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Gifts and goals: Behavioral nudges to improve child food choice at school


  • Samek, Anya


The rising childhood obesity rate calls for interventions aimed at improving food choice. We conducted a field experiment with over 1,400 children to measure the impact of interventions based on two behavioral theories: reciprocity and theories of self-control. We found that unconditional gifts (triggering reciprocity) increased choice of the healthier milk by 15 percentage points. Giving the option to set a goal (an internal commitment device) increased choice of the healthier milk by 10 percentage points. Our results have implications for policy and practice, as low-cost school-based interventions may have an impact on what kids choose to eat and (by extension) on obesity.

Suggested Citation

  • Samek, Anya, 2019. "Gifts and goals: Behavioral nudges to improve child food choice at school," Journal of Economic Behavior & Organization, Elsevier, vol. 164(C), pages 1-12.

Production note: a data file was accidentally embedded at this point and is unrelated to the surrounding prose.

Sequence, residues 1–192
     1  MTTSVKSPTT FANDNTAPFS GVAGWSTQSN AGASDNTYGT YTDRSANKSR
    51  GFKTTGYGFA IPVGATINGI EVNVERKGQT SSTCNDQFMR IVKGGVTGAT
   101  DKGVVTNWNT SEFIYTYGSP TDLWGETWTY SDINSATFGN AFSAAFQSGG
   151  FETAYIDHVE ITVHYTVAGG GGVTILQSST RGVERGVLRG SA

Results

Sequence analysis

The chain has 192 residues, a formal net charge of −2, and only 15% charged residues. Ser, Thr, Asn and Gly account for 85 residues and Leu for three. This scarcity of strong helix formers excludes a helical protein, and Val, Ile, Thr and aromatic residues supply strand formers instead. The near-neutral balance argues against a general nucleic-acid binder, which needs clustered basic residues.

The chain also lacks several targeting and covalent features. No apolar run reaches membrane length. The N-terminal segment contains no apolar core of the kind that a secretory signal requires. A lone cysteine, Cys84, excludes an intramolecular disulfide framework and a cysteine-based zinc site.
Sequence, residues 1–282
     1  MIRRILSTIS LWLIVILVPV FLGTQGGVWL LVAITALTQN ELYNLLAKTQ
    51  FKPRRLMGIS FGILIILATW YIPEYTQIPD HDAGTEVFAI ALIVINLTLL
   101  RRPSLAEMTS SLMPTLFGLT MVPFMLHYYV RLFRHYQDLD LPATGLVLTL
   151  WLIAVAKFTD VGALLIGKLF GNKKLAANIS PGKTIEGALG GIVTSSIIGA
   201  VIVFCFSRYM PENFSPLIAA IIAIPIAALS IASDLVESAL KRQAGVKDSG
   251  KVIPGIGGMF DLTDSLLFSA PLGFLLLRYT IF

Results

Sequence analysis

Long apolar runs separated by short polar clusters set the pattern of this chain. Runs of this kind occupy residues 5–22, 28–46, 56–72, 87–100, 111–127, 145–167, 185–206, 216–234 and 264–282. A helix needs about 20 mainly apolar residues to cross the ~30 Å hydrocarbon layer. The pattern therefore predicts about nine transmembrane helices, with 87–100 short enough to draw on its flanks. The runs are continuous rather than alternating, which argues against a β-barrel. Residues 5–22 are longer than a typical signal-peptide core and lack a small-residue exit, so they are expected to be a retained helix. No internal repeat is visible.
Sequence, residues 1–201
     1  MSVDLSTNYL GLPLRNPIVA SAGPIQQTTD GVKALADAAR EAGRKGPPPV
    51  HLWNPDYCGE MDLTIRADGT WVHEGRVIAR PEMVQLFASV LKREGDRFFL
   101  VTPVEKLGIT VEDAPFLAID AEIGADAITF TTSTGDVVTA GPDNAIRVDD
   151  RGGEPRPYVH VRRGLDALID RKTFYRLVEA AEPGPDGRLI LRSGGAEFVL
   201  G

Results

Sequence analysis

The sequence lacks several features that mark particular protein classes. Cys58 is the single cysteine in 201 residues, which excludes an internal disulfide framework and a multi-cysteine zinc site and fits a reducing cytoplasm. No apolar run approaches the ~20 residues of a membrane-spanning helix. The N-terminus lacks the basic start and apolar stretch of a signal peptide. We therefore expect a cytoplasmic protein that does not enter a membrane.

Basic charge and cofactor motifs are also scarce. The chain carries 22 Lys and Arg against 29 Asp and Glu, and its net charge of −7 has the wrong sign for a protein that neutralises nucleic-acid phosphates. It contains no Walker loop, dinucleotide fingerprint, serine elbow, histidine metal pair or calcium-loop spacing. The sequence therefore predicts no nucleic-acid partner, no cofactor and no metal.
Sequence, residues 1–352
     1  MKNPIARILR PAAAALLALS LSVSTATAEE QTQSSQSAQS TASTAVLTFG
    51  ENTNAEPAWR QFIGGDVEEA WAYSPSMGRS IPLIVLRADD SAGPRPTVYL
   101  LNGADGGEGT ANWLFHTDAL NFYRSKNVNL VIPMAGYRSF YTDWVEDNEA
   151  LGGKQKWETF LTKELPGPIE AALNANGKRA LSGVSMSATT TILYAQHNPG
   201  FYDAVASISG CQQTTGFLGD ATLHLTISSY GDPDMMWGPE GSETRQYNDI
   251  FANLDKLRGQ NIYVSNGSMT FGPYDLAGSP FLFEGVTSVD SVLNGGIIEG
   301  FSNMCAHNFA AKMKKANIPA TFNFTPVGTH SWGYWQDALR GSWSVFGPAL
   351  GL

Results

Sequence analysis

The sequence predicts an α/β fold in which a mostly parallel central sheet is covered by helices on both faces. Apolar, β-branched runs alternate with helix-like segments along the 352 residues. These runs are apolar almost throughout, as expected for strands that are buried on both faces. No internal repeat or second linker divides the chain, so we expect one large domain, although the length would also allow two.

• Handle: RePEc:eee:jeborg:v:164:y:2019:i:c:p:1-12
    DOI: 10.1016/j.jebo.2019.05.008

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    More about this item


    Field experiment; Children; Food choice; Reciprocity; Goal-setting;

    JEL classification:

    • C72 - Mathematical and Quantitative Methods - - Game Theory and Bargaining Theory - - - Noncooperative Games
    • C91 - Mathematical and Quantitative Methods - - Design of Experiments - - - Laboratory, Individual Behavior


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